Music » Music Features

Japanese band, Kikagaku Moyo, hits the East Coast

Atmospheric aptitude for psych soundscapes



Members of the Tokyo-based psychedelic rock band Kikagaku Moyo — the name is Japanese for "geometric patterns" — have just finished playing their 20th show on their current North American Tour when I ring them to chat while they're in transit to their next gig. Go Kurosawa, the band's drummer, is disoriented, at first stating they're still in Louisiana (where they played a New Orleans set the night before) and then being corrected by a tour manager who informs him they've actually crossed over into Alabama. State lines run together as the band experiences a new terrain. Prior to this tour, they've only been to the states once and at that time they played mostly West Coast gigs. This go-round, the five-piece is hitting up the South and, for the first time, the rest of the East Coast. Kikagaku Moyo performs on Friday, Nov. 4 with Naked Gods and local avant-garde jazz duo Ghost Trees at Snug Harbor.

"I love the South actually. It's really cool. I like the people and I feel like they are much more friendly. You see people hugging, touching your arms and shoulders, they are really warm," says Kurosawa, one of the band's founding members along with guitarist Tomo Katsurada.

The two formed the band while they were students in Tokyo, though they initially had plans for it to be an arts collective with music being one of the many creative endeavors. That all changed when the band recruited additional members and began to hone in on music.

They released their debut, self-titled album, in 2013, which was followed up with an EP, Mammatus Clouds, and a sophomore album, Forest of Lost Children, in 2014. The band's third full-length album, House in the Tall Grass was released this year.

The album launches with "Green Sugar," the disc's first single. It's a transient track that kicks off with a clamor of noise and transitions into a refreshing mesh of calming bells and sitar melodies with harmonizing guitars and jingling drums. This track is Kurosawa's favorite to play live. "The last part of the song fades out ... we can play it however we feel like it," he says.

This visceral, somewhat instinctive approach to performing shines through on other tracks. It's given the band a chance to mold sets and soundscapes that vary from one show to the next. Though they've been known to play some softer, more melancholy sets, they've mostly been playing harder, punk-fused, psychedelic rock arrangements on this tour. That's partly because of the audience chemistry.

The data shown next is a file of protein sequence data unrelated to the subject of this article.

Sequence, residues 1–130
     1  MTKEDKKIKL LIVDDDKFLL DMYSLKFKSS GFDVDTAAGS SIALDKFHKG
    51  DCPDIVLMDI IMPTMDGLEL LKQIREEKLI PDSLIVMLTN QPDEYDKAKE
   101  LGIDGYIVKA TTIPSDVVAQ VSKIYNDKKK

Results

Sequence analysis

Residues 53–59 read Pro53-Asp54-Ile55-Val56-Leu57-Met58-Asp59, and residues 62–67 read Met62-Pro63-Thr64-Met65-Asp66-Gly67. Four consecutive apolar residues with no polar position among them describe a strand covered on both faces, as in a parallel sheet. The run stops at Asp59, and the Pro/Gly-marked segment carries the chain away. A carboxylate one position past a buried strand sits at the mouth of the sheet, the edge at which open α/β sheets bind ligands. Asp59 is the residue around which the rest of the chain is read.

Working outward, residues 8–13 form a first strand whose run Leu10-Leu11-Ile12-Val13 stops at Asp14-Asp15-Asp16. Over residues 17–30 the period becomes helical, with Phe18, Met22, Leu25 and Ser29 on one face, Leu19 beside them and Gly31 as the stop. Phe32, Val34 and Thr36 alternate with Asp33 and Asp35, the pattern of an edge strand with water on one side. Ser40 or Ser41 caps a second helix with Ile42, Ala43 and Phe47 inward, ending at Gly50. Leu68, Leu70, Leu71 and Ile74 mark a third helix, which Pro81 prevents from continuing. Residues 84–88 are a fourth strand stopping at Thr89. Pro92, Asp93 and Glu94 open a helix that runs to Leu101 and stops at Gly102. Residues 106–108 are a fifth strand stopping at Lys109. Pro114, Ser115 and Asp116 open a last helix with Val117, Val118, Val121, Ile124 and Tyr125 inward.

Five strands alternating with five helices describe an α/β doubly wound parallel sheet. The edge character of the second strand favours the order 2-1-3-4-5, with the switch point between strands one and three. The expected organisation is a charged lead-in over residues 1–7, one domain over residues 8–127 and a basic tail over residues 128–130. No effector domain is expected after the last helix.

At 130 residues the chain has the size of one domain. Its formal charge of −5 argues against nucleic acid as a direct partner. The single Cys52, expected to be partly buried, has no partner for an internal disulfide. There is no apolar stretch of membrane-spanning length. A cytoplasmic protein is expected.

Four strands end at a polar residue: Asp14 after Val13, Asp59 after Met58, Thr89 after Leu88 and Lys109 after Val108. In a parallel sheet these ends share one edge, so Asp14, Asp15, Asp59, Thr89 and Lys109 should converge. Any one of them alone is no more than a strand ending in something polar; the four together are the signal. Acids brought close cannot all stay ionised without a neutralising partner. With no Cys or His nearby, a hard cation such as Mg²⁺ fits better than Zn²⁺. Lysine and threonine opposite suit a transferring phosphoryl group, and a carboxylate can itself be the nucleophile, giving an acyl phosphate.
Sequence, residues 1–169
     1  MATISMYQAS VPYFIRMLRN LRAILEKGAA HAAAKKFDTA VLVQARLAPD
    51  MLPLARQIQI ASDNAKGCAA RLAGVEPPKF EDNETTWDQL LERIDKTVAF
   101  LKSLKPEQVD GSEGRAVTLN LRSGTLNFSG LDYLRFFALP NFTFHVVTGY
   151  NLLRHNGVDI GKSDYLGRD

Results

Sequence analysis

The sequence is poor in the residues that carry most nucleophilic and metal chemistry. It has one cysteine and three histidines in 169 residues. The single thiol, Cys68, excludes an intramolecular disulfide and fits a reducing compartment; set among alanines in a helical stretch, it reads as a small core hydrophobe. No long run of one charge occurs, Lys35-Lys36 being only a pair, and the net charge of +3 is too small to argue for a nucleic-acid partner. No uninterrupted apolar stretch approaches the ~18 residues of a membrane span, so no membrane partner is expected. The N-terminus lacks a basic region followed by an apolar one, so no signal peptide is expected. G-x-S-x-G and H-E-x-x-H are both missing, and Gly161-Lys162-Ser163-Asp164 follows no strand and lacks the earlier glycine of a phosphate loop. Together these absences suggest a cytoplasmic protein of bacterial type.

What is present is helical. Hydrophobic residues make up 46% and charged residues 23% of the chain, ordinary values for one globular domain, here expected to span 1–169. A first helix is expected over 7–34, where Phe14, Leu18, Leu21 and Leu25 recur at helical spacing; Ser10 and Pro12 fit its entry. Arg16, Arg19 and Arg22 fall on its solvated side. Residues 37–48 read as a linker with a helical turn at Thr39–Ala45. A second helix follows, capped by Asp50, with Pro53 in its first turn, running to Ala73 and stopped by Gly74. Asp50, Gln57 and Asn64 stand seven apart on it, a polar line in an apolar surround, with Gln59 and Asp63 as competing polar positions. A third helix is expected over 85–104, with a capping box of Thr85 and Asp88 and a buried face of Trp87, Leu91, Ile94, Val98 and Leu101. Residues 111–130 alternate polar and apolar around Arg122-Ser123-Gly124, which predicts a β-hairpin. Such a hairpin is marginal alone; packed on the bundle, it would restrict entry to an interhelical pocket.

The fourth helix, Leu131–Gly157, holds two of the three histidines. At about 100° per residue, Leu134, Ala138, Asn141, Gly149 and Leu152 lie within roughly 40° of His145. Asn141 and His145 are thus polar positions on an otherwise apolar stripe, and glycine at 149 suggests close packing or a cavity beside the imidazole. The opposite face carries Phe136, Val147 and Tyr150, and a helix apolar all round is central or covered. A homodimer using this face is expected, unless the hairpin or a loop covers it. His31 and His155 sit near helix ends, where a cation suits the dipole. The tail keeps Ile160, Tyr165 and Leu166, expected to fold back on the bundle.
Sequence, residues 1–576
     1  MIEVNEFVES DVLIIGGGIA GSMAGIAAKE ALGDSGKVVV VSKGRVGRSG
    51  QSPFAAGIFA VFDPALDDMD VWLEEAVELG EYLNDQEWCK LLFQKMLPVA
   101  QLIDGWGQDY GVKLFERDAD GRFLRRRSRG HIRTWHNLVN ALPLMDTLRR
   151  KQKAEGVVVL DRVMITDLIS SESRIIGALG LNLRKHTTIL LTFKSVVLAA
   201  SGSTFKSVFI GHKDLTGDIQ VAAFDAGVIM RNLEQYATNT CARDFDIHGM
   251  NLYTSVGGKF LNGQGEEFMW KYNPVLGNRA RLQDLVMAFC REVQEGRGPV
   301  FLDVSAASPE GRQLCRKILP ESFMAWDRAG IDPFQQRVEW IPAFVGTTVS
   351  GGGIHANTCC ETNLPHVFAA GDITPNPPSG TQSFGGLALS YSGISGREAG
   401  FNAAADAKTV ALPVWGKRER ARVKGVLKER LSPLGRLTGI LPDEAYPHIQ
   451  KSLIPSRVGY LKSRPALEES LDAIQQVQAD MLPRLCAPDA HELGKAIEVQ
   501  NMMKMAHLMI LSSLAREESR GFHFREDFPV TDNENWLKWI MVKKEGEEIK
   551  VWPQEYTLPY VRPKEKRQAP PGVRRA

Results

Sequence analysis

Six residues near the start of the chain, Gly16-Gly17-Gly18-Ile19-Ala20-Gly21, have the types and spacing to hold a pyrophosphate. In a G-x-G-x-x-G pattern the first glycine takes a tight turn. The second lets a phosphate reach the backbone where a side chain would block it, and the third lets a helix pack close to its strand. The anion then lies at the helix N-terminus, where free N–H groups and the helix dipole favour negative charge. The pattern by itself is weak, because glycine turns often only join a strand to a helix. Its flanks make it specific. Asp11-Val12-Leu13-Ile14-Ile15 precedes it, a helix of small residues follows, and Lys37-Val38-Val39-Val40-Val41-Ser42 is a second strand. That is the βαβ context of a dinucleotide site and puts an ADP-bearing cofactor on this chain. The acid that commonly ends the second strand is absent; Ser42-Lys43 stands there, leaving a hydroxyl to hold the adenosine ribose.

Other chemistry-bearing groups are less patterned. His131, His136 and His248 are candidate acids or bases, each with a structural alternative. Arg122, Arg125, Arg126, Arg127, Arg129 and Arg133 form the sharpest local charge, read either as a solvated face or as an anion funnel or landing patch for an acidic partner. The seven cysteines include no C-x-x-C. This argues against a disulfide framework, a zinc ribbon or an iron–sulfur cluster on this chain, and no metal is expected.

"We've done some quiet shows but most shows are more louder. The smaller venues have more punk rock energy. The audiences here are much more energetic," says Kurosawa. "They show how excited they are and it's really inspiring."

Kikagaku Moyo (Photo credit: Jamie Wdziekonski)
  • Kikagaku Moyo (Photo credit: Jamie Wdziekonski)

One of the band's softer, more ambient and meditative tracks is "Fata Morgana," a track inspired by Popol Vuh, an avant-garde German psychedelic rock band from the '70s, and a film by the same name that was shot in South America. The complexity of mirages are subdued in this sequence of light sounds that come together in a Sigur Ros kind of melodic experience. Kurosawa says this track is good for breaks between songs, as it adds an element of rest to the setlist. Other tracks like "Melted Crystal" also add to the softer, melodic soundscapes though drum rolls and bells give the track a solemn yet climatic approach. House in the Tall Grass was recorded during winter months in a remote part of Japan that was then covered in snow. The coldness seems to creep in on some of the music, going along with the song titles that are reminiscent of the season — "Old Snow, White Sun," "Cardigan Song," are two of the most noticable. Kurosawa admits that scenery plays a role in the band's music and hopes that the current tour across the states will lend to a collection of new ideas.

As for the band's psychedelic disposition, they have largely been inspired by bands in the West and Europe. In regards to Japan's psychedelic music scene, Kurosawa says "It's not big to be honest. The U.S. and Europe have a bigger scene," he says. "But in Japan there are some punk bands that are psychedelic without really knowing they are psychedelic."

Add a comment